Nothing is worse than finding a perfect parking spot only to have your hopes and dreams crushed by a fire hydrant, but how far can you legally park from it?
You can legally park 15 feet away from a fire hydrant. However, some cities and states have more relaxed fire hydrant regulations, allowing you to park anywhere from 3 feet to 10 feet from the hydrant. A red-painted curb often indicates the legal parking distance.
The distance you need to park from a fire hydrant can vary depending on the state and municipality that you live in.
How Far Can You Legally Park From a Fire Hydrant?
Most states prohibit drivers from parking within 15 feet of a fire hydrant. This is officially classified as a "no parking zone," and you can be fined or have your car towed for violating this law.
With that said, although the 15-foot figure has become standardized across the country, each state and municipality can technically set their own distance for legally parking near a fire hydrant.
You can find some parts of the country with more relaxed fire hydrant parking regulations that dictate a minimum of 10 feet – with some areas even allowing as little as 3 feet between your car and the hydrant.
To confirm how far you can legally park from a hydrant, you will have to look up the laws of your state and municipality to get a legitimate answer, as this can vary across the board.
If you are unsure, I recommend sticking to the 15-foot standard until you verify otherwise.
How Long Can You Park Near a Fire Hydrant?
The answer is no time at all. You are not allowed to legally park in front of a fire hydrant for any amount of time, as you will incur a fine if caught.
One of the most common justifications that police and parking officials hear when issuing tickets to violators is, “it was just for a minute.”
Regardless of whether it’s for 1 minute or 1 hour, you can expect the same fine and consequences for the violation.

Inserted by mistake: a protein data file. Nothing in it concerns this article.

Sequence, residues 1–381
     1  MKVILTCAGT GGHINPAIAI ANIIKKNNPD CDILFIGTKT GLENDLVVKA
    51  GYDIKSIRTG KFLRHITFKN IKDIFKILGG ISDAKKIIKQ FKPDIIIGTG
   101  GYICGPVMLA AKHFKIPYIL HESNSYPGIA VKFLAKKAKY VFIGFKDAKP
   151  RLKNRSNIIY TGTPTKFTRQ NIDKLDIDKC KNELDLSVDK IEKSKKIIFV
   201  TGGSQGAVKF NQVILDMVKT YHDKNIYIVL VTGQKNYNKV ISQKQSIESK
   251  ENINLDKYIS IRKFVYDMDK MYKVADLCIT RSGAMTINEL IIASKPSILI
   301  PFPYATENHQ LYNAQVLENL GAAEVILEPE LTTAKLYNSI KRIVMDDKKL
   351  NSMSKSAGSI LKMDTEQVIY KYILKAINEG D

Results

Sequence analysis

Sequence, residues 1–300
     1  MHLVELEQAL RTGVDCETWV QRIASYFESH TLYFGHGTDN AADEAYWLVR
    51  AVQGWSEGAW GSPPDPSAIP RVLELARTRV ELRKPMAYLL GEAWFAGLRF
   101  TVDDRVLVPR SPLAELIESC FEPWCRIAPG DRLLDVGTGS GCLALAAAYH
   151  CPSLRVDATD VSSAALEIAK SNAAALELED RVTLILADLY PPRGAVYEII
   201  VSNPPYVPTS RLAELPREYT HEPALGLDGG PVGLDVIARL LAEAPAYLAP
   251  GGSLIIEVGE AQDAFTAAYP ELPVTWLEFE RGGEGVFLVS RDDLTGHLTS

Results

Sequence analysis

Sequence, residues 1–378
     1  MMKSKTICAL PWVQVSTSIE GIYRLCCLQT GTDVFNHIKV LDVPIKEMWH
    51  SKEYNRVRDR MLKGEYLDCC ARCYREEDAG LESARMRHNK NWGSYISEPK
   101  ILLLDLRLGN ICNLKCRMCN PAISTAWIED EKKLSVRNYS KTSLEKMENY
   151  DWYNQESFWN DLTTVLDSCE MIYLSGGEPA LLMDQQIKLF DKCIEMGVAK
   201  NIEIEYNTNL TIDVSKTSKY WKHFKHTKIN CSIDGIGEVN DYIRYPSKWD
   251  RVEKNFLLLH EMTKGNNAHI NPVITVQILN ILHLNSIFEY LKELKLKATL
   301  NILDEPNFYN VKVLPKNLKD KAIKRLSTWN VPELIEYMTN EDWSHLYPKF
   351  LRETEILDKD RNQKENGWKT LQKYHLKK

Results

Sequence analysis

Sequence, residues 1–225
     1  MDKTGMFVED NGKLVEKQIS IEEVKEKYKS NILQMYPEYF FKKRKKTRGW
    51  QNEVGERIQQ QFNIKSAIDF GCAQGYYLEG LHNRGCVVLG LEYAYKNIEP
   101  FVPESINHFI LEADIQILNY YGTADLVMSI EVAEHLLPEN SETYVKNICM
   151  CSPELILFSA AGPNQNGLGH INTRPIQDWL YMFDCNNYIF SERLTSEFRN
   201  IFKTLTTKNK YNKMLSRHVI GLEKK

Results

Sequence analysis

Can You Stop in Front of a Fire Hydrant?
Although parking in front of a fire hydrant is an immediate red flag, stopping in front of one tends to fall into a bit of a gray area. Many drivers stop in front of fire hydrants and do not receive tickets.
So long as you do not leave the car while it is in park and the engine is still on, this does not officially count as parking. In this situation, you are “standing,” and most officers will have a hard time getting away with ticketing you.
While I recommend finding another empty spot to park or stop temporarily, you should be allowed to legally stop in front of a fire hydrant if you do not exit the car or turn off the engine.
How to Spot a Fire Hydrant “No-Parking Zone”
This should really be a no-brainer, but the best way to know if you are in a no-parking zone is to look out for a fire hydrant when parking your car.
With that said, they are not always easy to spot and are commonly overlooked in urban areas. If you do not see a fire hydrant before parking, look out for the following indicators.
The most common way to spot a fire hydrant is by a red-painted curb.
Most municipalities will paint their curbs red if there is a fire hydrant nearby so that drivers have a clear indication not to park there.
While this can vary depending on the area you live in, most cities will paint the curb the same distance you need to keep from the fire hydrant when parking your car.